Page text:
“The United States is well-positioned to lead a comprehensive effort to persuade Japan to abandon commercial whaling as an anachronism that is imprudent, unnecessary for food security, cruel and economically unsound,” wrote SeaWorld CEO Joel Manby and Humane Society president Wayne Pacelle in a joint letter to Obama.
The Thursday letter called for the U.S. delegation to the International Whaling Commission to take a “stronger stand” against whaling and “advance the case” against commercial whaling when negotiating trade agreements.
Last week, a Japanese whaling fleet killed 333 minke whales — around 200 of which were pregnant females — on an expedition to the Antarctic Ocean. Japan maintains that the whales were killed in the name of scientific research, which means the expedition is not subject to limitations set in place by the International Whaling Commission.
However, Japanese whalers still sell the meat from whale hunts, leading animal advocacy groups like the Whale and Dolphin Conservation Society to call their claims of scientific research a “loophole” in the IWC statutes. And in 2014, the International Court of Justice in The Hague ruled that Japan’s whaling program did not comply with the definition of whaling for scientific research.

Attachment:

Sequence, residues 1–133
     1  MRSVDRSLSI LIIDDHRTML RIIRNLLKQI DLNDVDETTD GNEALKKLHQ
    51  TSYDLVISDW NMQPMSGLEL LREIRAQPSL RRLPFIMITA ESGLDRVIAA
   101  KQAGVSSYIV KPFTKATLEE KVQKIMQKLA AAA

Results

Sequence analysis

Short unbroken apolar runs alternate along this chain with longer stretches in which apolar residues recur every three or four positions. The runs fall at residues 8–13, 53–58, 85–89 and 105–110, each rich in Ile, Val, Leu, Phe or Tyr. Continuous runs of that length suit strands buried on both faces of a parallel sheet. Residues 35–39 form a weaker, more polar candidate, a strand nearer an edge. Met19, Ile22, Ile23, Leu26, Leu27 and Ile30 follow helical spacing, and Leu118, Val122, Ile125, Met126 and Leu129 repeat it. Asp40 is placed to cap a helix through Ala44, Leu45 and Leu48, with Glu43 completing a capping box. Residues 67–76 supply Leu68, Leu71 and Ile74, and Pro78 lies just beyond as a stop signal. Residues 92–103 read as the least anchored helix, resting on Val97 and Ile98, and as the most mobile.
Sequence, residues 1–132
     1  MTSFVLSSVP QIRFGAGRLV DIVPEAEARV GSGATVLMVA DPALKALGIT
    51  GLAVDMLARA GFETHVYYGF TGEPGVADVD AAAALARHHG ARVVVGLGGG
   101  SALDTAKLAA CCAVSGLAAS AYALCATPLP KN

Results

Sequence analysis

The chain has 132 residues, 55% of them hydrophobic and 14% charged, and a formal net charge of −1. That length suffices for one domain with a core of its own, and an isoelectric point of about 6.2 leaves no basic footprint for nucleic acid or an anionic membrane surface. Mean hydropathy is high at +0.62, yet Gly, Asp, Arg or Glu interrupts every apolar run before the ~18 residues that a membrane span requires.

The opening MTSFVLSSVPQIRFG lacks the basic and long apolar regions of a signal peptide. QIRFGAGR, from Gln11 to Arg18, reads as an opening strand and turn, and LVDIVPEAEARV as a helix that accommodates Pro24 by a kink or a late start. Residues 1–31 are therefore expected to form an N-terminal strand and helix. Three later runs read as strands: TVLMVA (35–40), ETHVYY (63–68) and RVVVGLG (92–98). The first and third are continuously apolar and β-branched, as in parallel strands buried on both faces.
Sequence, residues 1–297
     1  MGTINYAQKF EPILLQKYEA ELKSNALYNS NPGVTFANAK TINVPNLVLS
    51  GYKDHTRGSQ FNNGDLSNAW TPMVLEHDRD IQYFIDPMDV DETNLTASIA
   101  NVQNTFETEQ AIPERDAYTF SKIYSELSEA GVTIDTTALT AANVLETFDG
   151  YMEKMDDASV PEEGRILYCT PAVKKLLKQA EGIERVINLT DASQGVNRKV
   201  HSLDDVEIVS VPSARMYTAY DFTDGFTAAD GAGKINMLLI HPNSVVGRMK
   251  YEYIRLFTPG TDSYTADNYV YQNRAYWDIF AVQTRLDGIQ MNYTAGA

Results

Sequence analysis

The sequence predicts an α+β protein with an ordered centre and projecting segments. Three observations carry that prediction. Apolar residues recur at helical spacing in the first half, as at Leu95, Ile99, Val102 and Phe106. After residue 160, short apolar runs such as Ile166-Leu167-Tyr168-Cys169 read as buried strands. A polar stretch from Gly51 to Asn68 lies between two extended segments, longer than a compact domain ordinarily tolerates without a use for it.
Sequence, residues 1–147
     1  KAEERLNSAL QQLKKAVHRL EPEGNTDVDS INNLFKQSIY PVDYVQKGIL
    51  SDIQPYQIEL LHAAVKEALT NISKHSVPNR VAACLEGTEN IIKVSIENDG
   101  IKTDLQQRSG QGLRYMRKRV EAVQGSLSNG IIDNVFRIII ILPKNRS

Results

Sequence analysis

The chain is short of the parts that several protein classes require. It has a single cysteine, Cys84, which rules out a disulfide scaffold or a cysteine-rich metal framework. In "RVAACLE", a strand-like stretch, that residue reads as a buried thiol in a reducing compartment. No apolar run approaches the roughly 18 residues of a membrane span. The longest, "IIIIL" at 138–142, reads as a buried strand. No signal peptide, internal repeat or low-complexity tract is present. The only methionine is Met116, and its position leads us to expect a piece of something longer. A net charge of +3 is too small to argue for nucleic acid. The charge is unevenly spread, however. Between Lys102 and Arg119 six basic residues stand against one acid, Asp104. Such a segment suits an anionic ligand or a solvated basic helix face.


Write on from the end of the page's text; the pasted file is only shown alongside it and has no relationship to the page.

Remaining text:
In a blog post, Humane Society President Pacelle addressed concerns from animal advocates skeptical of SeaWorld’s commitment to animal welfare. SeaWorld has been the subject of massive criticism in recent years over its treatment of orca whales, largely inspired by the 2013 documentary "Blackfish."
“I know and have heard from marine mammal advocates who don’t trust SeaWorld,” Pacelle wrote. “I get their concerns, and I, too, was hesitant even to enter into the discussions ... But you typically don’t make progress without committing to explore ideas and solutions with sincerity.”
Pacelle noted that SeaWorld has recently made substantial commitments toward animal welfare. The company announced in March that it would end its orca breeding program. Since SeaWorld no longer captures orcas from the wild, this means that SeaWorld is phasing out its captive orcas.
SeaWorld has also pledged to increase its rescue and rehabilitation work, participate in other advocacy campaigns to help marine life and serve only “sustainably sourced” seafood at its parks.
However, the orcas currently at the parks will live out their lives in captivity, despite many animal advocates calling for the parks to release them to ocean sanctuaries. And critics maintain that SeaWorld’s decision to stop breeding whales was ultimately about money, not concern for the whales’ well-being.